Most people enjoy dried fruits in foods like granola, trail mix and baked desserts. However, they also make fantastic healthy fruit snacks when you’re on the go.
Dried fruit is a convenient snack that is created from a natural, healthy food. Therefore, when it comes to health, nutrition and weight loss it is often a topic of debate. Dried fruit is different in many ways than its fresh version, but also retains some healthy characteristics. When deciding if you should enjoy dried fruit, there are a few things to consider regarding its nutrition health benefits.
How it is Made and Nutrients Retained
Dried fruit is a high energy food. Drying eliminates the fruit’s water content, concentrating the sugars. It only takes about ¼ cup of dried fruit to equal the calories in 1 cup of fresh, so portion control is imperative. Each That’s it. fruit bar has 100 calories and 3 grams of fiber to satisfy and keep you feeling full until your next meal.
While dried fruit in moderation can be a healthy snack, it is important to keep in mind that dried and fresh fruit are not identical when it comes to nutrients. The processes used to dry fruit commercially vary, but none of them can keep the dried fruit exactly the same as the fresh version. Drying removes the water from the fruit and concentrates it. It is safe to expect that your dried fruit doesn’t contain as many vitamins, minerals and food components, such as flavonoids, however this also doesn’t mean dried fruit is completely void of nutritional benefit. Flavonoids may be destroyed due their sensitivity to light and heat, but many vitamins and minerals are simply decreased, not eliminated. In addition, dried fruit still contains dietary fiber.
Calories and Sugar
The elimination of moisture and the concentration of the fruit cause dried fruit to contain more calories than fresh fruit. For example, generally 1 cup of the fresh fruit is equal to only 1/4 of a cup of the dried version when it comes to calories. This means that it is often necessary to practice portion control to ensure you don’t consume excess calories through endless snacking on dried fruit. It is important to check the labels of any dried fruit you buy because often some form of sugar, such as refined, high-fructose corn syrup has been added to make it sweeter. Extra sugar also adds more calories that you would not find in the fresh fruit. Look for dried fruits that are without added sweeteners or those using natural sweeteners such as concentrated juices.
Making Your Own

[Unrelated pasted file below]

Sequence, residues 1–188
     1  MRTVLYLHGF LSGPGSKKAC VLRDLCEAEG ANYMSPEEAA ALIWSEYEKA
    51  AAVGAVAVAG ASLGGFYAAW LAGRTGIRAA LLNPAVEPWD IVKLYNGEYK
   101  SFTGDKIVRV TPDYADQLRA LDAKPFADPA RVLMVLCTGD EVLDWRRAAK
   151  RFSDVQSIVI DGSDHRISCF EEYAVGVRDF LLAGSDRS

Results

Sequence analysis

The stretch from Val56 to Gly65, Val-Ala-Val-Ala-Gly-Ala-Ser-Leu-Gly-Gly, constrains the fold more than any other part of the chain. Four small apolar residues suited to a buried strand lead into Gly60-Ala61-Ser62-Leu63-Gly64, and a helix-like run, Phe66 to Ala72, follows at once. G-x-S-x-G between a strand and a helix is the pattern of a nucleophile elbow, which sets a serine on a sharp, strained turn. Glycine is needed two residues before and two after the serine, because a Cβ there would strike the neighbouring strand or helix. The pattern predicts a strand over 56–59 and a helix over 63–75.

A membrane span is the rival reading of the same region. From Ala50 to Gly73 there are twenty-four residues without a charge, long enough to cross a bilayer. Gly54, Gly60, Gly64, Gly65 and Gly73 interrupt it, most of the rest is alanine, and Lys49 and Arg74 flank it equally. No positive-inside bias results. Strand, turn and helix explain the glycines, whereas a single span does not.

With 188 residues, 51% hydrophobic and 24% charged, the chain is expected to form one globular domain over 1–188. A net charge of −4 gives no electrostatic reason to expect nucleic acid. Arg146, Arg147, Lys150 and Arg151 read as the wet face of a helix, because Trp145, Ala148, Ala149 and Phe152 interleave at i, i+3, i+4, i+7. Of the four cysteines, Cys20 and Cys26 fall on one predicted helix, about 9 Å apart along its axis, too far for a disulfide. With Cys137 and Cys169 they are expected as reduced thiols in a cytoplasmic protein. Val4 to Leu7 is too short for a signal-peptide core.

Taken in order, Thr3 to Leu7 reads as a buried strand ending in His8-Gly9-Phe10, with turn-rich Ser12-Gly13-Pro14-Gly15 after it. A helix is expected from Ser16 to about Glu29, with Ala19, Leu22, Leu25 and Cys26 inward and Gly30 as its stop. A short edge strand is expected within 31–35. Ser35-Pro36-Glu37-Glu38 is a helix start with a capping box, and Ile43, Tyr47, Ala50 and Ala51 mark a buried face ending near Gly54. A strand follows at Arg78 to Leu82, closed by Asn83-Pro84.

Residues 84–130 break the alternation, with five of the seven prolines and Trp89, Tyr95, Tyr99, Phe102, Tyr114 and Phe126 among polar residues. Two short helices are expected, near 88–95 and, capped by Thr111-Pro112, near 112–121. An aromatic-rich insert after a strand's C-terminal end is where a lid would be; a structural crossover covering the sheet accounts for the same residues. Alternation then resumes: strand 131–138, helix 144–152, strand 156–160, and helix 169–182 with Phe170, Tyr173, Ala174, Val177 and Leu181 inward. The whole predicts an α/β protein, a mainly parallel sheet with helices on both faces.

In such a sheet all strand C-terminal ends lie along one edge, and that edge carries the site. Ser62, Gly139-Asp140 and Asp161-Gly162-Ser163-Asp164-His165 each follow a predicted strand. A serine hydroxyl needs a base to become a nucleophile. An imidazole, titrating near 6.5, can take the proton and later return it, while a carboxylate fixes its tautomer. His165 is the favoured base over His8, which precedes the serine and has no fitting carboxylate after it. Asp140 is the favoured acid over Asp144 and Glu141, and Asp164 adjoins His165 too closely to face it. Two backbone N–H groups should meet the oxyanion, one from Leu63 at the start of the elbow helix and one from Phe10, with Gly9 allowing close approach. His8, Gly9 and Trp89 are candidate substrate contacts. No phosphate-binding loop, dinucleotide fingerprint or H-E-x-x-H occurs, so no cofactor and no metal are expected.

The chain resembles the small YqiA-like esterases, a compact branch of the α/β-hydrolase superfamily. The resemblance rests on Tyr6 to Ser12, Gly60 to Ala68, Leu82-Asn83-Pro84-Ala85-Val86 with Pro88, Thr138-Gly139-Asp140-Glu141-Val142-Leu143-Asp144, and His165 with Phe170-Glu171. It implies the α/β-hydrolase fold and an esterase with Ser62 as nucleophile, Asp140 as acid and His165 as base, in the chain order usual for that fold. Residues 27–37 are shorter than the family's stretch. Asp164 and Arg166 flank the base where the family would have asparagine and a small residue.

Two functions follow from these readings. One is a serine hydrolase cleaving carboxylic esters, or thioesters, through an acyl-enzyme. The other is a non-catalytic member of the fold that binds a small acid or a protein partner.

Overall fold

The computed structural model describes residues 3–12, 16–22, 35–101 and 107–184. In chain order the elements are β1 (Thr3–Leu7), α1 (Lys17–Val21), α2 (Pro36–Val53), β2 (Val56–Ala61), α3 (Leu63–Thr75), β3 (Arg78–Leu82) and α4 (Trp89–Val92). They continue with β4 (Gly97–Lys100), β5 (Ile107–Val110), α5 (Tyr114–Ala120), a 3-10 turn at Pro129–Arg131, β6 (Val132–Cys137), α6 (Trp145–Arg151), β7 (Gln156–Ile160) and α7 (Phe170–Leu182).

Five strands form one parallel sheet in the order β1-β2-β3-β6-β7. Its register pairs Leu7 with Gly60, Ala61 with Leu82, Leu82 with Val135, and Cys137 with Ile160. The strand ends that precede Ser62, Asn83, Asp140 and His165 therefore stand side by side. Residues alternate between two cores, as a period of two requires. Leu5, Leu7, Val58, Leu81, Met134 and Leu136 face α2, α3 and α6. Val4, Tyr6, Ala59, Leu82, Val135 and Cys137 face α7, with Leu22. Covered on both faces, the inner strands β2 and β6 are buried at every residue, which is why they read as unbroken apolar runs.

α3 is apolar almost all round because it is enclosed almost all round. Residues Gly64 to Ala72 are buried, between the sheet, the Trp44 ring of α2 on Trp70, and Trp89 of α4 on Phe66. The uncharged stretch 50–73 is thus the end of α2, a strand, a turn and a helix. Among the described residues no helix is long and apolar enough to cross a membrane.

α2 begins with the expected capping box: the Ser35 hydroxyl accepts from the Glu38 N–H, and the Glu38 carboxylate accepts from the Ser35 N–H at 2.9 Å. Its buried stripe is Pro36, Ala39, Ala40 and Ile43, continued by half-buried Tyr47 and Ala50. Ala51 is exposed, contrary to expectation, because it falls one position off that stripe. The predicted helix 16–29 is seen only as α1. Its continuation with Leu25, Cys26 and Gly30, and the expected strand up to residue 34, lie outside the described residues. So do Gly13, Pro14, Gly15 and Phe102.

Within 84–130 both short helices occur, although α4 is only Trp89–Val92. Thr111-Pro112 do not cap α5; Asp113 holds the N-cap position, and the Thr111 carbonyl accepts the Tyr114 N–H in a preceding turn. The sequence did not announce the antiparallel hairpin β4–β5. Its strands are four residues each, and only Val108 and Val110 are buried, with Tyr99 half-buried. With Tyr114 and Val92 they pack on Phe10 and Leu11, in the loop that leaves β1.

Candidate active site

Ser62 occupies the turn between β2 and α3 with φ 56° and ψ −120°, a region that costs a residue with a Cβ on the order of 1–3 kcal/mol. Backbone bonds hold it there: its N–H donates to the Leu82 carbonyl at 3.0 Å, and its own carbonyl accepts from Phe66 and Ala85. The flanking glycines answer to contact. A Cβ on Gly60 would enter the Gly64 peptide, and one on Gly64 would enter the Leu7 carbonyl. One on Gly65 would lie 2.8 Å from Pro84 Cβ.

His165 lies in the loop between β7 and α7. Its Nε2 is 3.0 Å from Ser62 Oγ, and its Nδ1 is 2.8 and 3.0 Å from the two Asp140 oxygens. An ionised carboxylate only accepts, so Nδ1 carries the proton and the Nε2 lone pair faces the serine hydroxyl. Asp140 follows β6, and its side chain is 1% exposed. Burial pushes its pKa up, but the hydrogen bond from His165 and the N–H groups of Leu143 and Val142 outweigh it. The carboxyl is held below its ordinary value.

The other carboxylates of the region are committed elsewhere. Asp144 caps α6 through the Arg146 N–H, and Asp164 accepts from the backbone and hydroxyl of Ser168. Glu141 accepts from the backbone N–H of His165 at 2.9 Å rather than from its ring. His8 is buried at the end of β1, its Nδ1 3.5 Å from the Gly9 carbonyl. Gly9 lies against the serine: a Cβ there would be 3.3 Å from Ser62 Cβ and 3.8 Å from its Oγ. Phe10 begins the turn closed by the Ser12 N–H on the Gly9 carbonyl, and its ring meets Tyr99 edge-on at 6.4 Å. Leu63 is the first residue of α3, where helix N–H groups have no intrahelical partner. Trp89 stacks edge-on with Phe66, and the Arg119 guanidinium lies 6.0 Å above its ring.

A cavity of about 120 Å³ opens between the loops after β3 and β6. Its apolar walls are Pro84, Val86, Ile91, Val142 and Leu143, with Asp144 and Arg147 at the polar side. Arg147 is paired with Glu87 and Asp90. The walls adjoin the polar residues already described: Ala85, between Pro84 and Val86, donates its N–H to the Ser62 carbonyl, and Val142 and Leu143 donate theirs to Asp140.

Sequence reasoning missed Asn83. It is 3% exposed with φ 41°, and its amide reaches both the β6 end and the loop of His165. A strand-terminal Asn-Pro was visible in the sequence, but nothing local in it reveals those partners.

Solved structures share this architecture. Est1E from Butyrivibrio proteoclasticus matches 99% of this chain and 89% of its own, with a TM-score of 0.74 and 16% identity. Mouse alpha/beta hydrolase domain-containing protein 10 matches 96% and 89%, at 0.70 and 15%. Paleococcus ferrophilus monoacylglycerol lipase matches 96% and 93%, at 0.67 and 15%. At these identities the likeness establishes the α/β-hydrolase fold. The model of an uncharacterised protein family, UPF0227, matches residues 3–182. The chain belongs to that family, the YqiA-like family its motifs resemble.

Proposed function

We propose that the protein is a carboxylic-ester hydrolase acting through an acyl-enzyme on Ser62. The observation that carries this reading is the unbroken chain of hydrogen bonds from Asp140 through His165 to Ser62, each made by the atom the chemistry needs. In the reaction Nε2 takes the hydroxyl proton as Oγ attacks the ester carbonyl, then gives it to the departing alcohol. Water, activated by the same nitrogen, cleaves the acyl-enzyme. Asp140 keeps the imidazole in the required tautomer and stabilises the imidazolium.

When it comes to dried fruit the healthiest version you can eat is the variety you make yourself. If you enjoy eating a lot of dried fruit, buy in a food dehydrator. These machines dry the fruit with warm air and you can make a large selection of fruits to snack on, such as apricots, apple slices, pear slices, bananas and berries. The at-home process will help to retain more nutrients and the dried fruit will provide dietary fiber. In addition, you can leave out any added sweeteners because it is likely you will find your freshly dried fruit sweet enough as it is. Also your fresh at-home version won’t contain potentially unhealthy preservatives to lengthen shelf life.
Health Benefits of Dried Fruit
Sugar isn’t the only thing that is concentrated in dried fruit. All of the nutrients are, too. Dried fruit is a marvelous source of nutrition in a small, delicious package.
Some of the more plentiful nutrients found in dried fruits include calcium, magnesium, phosphorus, chromium, B vitamins, and vitamin C. These are all critical to your health in a variety of ways.
Calcium, when paired with phosphorus, is necessary for maintaining healthy teeth and bones. Calcium by itself is important for a healthy heart and muscles, as well as the body’s proper manufacture of hormones and neurotransmitters. Calcium also helps you lose weight by causing your body to burn fat with greater efficiency. Beware that calcium requires vitamin D in order to be used by your body.
Chromium, found in abundance in apples, has a regulating effect on blood sugar and can stop a hypoglycemia attack almost instantly. Theoretically, chromium could help you lose fat because of its positive impact on blood sugar.
Magnesium is an electrolyte that is utilized by your muscles and nervous system and also helps to regulate your heart beat. People who don’t get enough magnesium may suffer from muscle spasms, cramps, anxiety and are more prone to heart attacks.
B vitamins are required for your nervous system and energy production. They also have the ability to increase sleep quality and enhance dreaming.
Vitamin C, a powerful antioxidant, has all kinds of functions in the body. One if these is collagen production, upon which your skin, nails, joints, ligaments and tendons rely. It also has a protective effect on the heart and immune system.